Byline: Joanna Ramey

WASHINGTON — Merino wool sweaters made in sub-Saharan Africa from yarn produced anywhere in the world could enter the U.S. duty free, according to a provision contained in the Andean Trade Preference Act approved Friday by the House Ways & Means Committee.
The provision — actually a technical correction to last year’s apparel-duty-dropping Africa trade bill — was actively being sought by retailers, particularly The Limited, whose plans to boost merino sweater production on the continent have been stymied.
Last year’s Africa bill incorrectly stated that merino wool sweaters made of 18.5 micron yarn could enter duty free. Merino wool, however, is made from 21.5 micron yarn, which the approved correction reflects.
The Andean pact, approved on a voice vote, calls for dropping duties on apparel made in Colombia, Ecuador, Peru and Bolivia, if garments are made from U.S. or regional textiles.
A full House vote on the measure hasn’t been scheduled. Congress is focused on issues involving the aftermath of the Sept. 11 attacks, but a coalition that includes U.S. apparel companies and retailers is urging House Speaker Dennis Hastert (R., Ill.) to make time for an Andean pact vote.
“We urge you not to lose sight of another issue that is also of strategic and economic importance,” the coalition wrote Hastert on Oct. 5. Helping Andean economies is widely viewed in Congress as an antinarcotics strategy.
Signatories of the letter include Gap, Liz Claiborne, J.C. Penney Co., Jones Apparel Group, Kellwood Co., Kmart, Polo Ralph Lauren, Sara Lee, Wal-Mart, The Warnaco Group, Target, the American Apparel & Footwear Association, International Mass Retail Association, National Retail Federation and U.S. Association of Importers of Textiles & Apparel.
If approved by the House, it’s unclear how the Andean pact, with apparel provisions similar to the Caribbean trade bill passed by both houses last year, will be greeted by the Senate. Textile-state senators have been successful in blocking apparel-trade expansion legislation and with U.S. textile makers opposing the ATPA, a fight could be in the wings.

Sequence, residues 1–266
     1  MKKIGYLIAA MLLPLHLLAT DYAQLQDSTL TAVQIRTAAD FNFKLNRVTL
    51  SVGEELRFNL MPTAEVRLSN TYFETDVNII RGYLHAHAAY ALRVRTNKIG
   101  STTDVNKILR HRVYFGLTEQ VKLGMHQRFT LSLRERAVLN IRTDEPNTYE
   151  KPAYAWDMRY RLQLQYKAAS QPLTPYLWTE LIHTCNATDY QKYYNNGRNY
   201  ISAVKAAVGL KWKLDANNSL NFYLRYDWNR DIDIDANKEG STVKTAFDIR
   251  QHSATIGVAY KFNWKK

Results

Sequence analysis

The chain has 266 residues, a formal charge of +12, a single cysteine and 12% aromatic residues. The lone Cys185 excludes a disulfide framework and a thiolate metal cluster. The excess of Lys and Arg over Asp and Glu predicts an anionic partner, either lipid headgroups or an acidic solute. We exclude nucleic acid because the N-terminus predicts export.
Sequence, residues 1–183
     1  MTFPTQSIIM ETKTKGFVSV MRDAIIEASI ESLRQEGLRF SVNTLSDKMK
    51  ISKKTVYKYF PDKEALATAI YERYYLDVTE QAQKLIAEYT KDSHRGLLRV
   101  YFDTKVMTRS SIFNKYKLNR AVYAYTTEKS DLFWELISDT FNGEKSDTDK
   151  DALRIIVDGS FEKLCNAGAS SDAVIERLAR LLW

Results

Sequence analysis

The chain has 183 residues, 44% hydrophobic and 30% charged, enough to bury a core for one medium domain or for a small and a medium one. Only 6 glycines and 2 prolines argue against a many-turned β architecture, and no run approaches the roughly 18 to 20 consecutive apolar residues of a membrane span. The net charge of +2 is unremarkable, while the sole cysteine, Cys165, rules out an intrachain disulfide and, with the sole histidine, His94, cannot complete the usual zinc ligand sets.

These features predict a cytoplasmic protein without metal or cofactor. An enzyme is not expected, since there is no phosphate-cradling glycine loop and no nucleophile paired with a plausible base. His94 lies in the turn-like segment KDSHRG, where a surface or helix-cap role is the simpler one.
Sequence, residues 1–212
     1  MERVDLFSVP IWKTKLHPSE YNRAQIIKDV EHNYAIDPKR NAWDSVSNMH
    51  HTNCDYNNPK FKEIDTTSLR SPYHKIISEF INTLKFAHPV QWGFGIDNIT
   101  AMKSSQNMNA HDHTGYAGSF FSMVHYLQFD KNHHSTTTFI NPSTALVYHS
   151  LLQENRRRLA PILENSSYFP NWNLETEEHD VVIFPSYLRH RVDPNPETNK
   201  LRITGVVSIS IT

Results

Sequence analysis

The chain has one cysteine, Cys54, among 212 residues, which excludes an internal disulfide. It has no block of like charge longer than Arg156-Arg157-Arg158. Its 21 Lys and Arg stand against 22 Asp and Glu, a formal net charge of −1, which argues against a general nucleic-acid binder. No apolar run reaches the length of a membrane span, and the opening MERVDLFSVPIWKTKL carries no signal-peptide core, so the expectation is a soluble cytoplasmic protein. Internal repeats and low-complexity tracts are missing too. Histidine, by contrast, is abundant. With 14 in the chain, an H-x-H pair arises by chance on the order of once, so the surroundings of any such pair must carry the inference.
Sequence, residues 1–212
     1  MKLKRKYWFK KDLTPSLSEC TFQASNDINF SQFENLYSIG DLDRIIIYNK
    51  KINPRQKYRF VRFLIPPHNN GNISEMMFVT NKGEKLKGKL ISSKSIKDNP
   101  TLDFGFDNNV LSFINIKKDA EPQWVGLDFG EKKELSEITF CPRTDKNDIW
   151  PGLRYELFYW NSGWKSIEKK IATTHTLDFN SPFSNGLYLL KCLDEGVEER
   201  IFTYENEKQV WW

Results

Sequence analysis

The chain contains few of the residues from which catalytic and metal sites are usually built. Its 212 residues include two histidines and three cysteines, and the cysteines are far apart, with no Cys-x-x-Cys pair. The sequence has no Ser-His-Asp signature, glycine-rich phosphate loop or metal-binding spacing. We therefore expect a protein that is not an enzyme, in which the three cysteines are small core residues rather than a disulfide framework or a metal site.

On another trade front, Ways & Means Chairman Bill Thomas (R., Calif.) on Friday put off discussion and a possible vote until today on granting the President trade promotion authority. Thomas’s desire to advance TPA has been slowed by a division between Republicans and Democrats over key labor and environmental standards. The differences threaten the uncharacteristic cooperation between the parties that proceeded the Sept. 11 attacks.
Having TPA means that trade pacts can’t be amended by Congress, only voted up or down. The White House views TPA as key to gaining credibility with trading partners.
Ways & Means Democrats are accusing Thomas of rushing TPA to a vote. The chairman has penned a compromise with some moderate Democrats on the issues, which Rep. Sander Levin (D., Mich.), the top Democrat on the Trade Subcommittee, said Friday “shatters the new spirit of true bipartisanship proclaimed by the President and the leadership of Congress.”
In announcing delay in action on the bill, Thomas said “the American people deserve substantive debate” on TPA. He had originally hoped the bill would be voted out of committee and the entire House by this week, but that schedule is now in doubt.
Meanwhile, another Africa bill correction contained in the Andean bill and approved by Ways & Means involves allowing Botswana and Namibia to use non-African or U.S. fabrics in apparel granted duty breaks. Such exceptions have already been granted to other ultra-poor countries in the region.